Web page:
ACM regionals

Yesterday, I attended the 2013 East Central North America regional ACM programming contest, representing the University of Toronto. (My teammates were Saman Samikermani and Hao Wei.) The scoreboard isn’t available online yet, nor are the problems, but I can say that we placed fourth overall, behind CMU, Michigan, and CMU again. (It’s a bit demoralizing that their B team is better than our A team, isn’t it?)

This was only the second time I’ve attended regionals. The first time was in my first year, when I was at Waterloo. In second year I was going through that phase when I didn’t want to do any contests at all, and last year I declined to be on U of T’s ACM team because I was too busy and had no time to practice. It’s a shame, because that was Jacob’s second time at World Finals, and I think he and I together would’ve been pretty good. Oh well.

Now for the burning question: will we advance? Nobody can say for sure at this point. In general, the first place team is guaranteed to advance from each region, but if there was a team in the region that won a medal at finals last year, then this year they guarantee at least two teams from the region will advance. That means CMU and Michigan are going to advance for sure, since CMU won a medal last year. In the past few years they have actually taken three teams from our region; Jacob says they do this when the third place team isn’t too far behind the second place team, but that’s hardly precise enough to predict anything, and at any rate these rules aren’t written down anywhere. He also says that our chance of advancing is more than 50% but less than 90%. I guess that sounds reasonable.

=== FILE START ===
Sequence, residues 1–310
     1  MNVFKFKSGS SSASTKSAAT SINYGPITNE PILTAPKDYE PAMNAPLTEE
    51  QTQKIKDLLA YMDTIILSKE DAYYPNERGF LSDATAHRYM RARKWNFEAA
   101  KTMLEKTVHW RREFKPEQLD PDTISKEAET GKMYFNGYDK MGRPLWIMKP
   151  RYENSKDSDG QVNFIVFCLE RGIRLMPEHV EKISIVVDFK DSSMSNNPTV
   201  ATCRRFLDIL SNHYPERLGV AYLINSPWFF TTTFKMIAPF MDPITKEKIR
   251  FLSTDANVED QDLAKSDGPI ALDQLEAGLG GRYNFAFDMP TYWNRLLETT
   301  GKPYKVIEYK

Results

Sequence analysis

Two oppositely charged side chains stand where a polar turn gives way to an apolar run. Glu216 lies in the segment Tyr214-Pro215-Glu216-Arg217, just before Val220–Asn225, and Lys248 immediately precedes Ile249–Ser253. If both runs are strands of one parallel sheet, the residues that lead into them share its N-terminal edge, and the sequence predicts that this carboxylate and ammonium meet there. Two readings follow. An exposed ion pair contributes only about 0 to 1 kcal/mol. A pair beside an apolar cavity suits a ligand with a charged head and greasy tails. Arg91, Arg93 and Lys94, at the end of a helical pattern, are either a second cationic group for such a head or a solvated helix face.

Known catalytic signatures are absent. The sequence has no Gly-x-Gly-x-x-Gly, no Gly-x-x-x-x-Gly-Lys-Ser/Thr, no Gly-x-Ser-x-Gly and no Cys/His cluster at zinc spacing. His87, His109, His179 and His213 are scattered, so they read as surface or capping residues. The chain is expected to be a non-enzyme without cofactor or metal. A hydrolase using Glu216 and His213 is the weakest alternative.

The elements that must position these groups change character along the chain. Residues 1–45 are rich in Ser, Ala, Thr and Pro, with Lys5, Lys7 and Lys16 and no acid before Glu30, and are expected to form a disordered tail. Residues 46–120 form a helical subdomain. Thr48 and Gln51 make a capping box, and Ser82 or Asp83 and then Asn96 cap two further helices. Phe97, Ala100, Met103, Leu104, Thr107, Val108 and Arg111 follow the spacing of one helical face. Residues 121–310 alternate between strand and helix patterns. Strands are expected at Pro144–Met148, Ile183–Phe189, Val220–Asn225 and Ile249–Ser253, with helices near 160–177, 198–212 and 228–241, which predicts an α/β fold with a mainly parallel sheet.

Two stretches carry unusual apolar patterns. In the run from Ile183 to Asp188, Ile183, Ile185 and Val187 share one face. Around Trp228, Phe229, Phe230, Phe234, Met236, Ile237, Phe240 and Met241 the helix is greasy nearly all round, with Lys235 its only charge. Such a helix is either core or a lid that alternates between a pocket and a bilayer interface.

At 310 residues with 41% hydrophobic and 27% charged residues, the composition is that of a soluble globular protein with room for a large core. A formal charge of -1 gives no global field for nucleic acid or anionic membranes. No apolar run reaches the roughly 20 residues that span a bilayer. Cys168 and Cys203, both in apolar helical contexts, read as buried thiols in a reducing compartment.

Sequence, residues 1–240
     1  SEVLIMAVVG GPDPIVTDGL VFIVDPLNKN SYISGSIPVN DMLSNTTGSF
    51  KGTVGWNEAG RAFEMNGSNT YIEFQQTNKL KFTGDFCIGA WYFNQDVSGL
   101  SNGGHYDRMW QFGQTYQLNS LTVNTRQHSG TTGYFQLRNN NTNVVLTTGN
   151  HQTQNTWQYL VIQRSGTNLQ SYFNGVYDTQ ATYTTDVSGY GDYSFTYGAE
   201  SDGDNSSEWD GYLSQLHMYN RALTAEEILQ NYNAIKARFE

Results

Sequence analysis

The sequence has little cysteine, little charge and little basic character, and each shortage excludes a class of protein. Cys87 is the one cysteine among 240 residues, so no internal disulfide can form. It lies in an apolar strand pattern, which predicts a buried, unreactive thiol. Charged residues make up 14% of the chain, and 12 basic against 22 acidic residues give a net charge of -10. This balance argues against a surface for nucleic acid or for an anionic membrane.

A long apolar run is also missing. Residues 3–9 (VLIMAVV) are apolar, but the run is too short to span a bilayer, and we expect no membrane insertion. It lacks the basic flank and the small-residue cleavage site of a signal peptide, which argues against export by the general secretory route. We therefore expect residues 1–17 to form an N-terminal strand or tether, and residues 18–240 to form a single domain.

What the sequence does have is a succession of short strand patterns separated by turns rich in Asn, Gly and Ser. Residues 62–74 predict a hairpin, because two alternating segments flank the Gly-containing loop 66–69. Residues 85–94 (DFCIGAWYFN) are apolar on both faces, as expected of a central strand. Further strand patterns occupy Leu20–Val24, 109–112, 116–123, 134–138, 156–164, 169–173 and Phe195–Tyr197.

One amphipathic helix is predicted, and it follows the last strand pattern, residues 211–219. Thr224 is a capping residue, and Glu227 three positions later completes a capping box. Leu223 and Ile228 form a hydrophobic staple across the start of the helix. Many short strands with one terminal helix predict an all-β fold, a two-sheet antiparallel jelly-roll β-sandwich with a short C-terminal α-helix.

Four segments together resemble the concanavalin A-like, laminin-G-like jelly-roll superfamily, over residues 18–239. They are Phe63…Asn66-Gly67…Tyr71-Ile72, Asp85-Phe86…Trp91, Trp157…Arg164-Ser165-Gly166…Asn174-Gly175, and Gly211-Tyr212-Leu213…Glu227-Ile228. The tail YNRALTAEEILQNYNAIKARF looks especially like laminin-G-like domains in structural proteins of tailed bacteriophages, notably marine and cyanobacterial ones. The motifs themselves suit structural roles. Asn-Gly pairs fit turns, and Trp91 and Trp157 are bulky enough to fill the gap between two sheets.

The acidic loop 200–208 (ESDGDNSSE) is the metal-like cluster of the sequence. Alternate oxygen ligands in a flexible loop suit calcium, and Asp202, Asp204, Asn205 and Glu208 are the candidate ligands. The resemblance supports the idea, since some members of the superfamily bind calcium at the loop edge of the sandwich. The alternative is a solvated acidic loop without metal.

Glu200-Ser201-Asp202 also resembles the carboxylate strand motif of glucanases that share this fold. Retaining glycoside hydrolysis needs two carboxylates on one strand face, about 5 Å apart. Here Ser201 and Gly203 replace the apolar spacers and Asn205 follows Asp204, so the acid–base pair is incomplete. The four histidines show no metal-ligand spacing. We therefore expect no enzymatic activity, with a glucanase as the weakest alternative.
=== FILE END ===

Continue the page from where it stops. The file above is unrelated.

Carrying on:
My friend is going to email me a copy of the problem set later tonight (she kept the paper; I didn’t) and I’ll try to post solution sketches to some of the problems. My team didn’t solve all the problems, though, and official solutions and test data aren’t yet available, so I can’t necessarily promise correct or complete solutions.

On the way back from regionals I taught some of the other U of T people how to play Durak. We also played a few hands of Hearts, in which I was reminded that I’m horribly inattentive and usually fail to stop people from shooting. Fun times.


About Brian

Hi! I'm Brian Bi. As of November 2014 I live in Sunnyvale, California, USA and I'm a software engineer at Google. Besides code, I also like math, physics, chemistry, and some other miscellaneous things.
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